Cloud providers' distributed infrastructure, coupled with their content delivery networks and localized data centers, can help mobile app developers meet these expectations. "Having things cached as close to the device as possible, having our data centers distributed physically near where [users are] -- all those things add up," Facemire said.

Mobile apps also have different security requirements than traditional web apps, and these too align with cloud computing.

"[With web apps], security was negotiated up front at the beginning of a session, and then, while that session was alive, we could assume that that security was always valid," Facemire said.

With mobile, it's more difficult to rely on the session-based security model, as users drop or hop between network connections. Instead, a token-based authentication model, such as OAuth, is a better fit, and like the more lightweight data exchange formats, these security models tend to be more prevalent in cloud-based architectures. They aren't a necessity in cloud, Facemire stressed, but they often go hand in hand.

"The modern nature of [cloud] architecture seems to fit well with the modern nature of mobile devices," he said.

Access to mobile services

In addition to its architectural benefits, the cloud offers another perk to those who build mobile apps: on-demand access to development tools. Providers, including Amazon Web Services (AWS) and Google, offer a number of software development kits and other tools to support mobile apps in the cloud.

"There are so many other services to expedite the pace of development of mobile experiences," Facemire said. "For instance, if I want to store data somewhere … I can store it in Dropbox, I can store it in Box, I can store it in [Amazon Simple Storage Service], I can store it an Azure -- and it's all one API call away."

Vendasta, which sells sales and marketing software for media companies, has seen an uptick in the number of customers who access its applications from mobile devices, said Dale Hopkins, the company's CTO. Currently a Google Cloud Platform user, Vendasta was originally interested in Google because of its App Engine offering. Now, the company uses a variety of Google development services, such as the Firebase platform and Cloud Endpoints for API management, to meet their growing mobile needs.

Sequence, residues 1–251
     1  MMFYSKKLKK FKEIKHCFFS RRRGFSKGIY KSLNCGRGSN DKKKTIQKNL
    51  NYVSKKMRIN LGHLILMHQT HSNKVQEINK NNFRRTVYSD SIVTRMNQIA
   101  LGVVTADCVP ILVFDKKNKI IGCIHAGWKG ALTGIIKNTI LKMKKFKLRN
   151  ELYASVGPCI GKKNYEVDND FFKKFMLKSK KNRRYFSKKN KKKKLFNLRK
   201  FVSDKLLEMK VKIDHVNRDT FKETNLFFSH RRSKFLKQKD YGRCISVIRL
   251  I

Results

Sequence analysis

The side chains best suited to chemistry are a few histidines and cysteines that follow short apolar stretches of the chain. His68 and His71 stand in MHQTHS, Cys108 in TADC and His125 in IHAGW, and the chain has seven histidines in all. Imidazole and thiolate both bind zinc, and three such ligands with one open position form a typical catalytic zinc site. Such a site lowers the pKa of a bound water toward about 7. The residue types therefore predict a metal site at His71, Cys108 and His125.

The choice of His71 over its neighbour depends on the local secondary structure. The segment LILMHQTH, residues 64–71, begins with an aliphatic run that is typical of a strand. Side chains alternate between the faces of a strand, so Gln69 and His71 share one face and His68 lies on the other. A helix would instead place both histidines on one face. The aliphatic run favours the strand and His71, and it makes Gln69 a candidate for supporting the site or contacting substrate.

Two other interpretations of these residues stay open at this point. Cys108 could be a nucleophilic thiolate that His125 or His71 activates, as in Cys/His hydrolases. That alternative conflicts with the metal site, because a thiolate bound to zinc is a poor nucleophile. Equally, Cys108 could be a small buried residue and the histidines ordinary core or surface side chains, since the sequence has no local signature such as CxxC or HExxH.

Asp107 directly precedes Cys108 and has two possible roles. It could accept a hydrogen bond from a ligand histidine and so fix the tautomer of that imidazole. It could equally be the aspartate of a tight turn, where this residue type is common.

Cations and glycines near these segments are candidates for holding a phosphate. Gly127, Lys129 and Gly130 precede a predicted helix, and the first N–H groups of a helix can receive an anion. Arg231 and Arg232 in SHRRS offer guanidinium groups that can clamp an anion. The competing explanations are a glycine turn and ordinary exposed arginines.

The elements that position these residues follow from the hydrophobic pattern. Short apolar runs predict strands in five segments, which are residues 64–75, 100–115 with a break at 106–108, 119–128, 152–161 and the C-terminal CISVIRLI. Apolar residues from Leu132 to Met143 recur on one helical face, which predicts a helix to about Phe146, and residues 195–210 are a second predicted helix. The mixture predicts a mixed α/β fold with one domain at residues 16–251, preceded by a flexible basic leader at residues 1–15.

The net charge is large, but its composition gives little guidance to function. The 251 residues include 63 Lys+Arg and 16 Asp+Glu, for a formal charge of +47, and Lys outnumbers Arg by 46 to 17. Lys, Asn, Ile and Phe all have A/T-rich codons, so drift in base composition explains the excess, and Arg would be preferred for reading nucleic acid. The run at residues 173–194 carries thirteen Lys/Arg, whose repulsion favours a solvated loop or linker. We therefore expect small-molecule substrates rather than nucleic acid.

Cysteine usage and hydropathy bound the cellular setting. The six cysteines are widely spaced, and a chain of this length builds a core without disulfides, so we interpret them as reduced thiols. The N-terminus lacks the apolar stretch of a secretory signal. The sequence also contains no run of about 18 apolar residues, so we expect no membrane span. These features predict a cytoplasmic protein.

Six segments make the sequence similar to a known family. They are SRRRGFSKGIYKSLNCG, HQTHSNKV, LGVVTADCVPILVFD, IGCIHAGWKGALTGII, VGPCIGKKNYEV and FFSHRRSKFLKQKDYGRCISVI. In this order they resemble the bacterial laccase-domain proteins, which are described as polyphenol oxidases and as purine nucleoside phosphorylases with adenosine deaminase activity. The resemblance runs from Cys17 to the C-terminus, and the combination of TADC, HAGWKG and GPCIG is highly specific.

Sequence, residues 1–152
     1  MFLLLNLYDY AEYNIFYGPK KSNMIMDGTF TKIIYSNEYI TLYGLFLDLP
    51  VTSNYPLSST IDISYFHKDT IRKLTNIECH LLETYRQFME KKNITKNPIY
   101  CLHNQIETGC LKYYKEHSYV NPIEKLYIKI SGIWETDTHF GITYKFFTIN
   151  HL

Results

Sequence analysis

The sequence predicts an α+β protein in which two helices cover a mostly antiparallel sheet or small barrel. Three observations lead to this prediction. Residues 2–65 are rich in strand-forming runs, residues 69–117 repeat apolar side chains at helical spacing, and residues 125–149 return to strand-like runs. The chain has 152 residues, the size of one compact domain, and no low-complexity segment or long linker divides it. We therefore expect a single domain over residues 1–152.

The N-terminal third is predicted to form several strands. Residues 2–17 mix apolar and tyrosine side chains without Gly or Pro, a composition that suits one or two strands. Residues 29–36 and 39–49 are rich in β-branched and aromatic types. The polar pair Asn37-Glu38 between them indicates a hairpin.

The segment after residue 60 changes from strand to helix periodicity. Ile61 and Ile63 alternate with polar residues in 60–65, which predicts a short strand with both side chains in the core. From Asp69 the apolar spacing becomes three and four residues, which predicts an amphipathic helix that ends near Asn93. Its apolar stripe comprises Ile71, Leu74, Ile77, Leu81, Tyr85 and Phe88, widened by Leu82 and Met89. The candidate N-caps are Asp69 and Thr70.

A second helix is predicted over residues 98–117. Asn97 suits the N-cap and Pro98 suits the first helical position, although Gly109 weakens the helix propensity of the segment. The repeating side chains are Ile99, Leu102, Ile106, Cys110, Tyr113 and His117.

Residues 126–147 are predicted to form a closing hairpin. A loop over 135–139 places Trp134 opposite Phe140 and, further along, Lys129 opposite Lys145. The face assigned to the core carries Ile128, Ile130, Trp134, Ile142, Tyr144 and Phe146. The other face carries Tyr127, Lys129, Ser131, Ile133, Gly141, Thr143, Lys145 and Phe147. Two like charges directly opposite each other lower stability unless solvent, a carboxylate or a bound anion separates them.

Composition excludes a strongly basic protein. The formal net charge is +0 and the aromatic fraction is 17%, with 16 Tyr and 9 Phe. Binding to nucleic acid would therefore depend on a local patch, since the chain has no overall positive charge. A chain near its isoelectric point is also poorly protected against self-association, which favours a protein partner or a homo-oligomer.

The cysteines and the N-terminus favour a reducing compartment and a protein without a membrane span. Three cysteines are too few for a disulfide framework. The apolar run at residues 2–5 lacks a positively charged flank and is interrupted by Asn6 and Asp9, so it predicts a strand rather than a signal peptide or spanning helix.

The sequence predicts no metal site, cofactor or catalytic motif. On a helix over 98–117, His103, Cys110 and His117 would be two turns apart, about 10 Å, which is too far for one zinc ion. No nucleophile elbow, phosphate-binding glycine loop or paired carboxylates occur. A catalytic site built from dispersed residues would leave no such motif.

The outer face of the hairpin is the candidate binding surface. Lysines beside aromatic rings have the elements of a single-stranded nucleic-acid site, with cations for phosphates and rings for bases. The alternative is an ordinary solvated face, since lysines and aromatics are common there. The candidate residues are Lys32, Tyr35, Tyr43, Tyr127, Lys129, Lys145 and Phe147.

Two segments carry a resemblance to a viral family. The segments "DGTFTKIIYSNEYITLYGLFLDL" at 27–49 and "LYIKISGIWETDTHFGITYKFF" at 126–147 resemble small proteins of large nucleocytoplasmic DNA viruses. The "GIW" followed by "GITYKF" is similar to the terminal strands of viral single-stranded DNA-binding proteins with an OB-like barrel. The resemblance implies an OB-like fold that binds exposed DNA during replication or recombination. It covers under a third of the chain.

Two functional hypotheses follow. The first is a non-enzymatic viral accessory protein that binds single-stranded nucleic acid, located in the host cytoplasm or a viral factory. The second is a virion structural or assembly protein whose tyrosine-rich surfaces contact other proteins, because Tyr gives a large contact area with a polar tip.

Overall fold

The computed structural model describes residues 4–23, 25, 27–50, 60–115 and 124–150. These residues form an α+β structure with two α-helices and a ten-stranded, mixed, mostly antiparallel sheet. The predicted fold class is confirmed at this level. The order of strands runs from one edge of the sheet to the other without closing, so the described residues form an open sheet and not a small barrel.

"[Google has] a lot of tools that make our lives easier in terms of managing for mobile," he said.

Vendasta has also made a push around progressive web applications and Accelerated Mobile Pages, frameworks that enable webpages to perform more like mobile applications through local caches, service worker scripts and other means, Hopkins said. Google provides a number of resources to implement these technologies, although Hopkins noted that not all of them are specific to its cloud platform.

Despite the benefits, some mobile workloads -- as is the case with many workload types -- will remain on premises, most often because of strict security and compliance requirements. In addition, other types of workloads, such as legacy ERP and other back-office applications, might not move toward either mobile or cloud deployments at all.

"Companies are still struggling a little bit internally about using mobile apps to bring efficiencies into back-office applications," said Healthcare IT Leader's Kelly.

In general, though, mobile apps in the cloud will proliferate, particularly as serverless computing takes hold and further simplifies the development experience, Facemire said.

"The pain of setting up infrastructure for a developer when building their initial mobile experiences is so much less when using the cloud, especially now when [they] have Microsoft Azure Functions or AWS Lambda," he said. "I simply write the business function I need, put it behind an API endpoint and I'm done."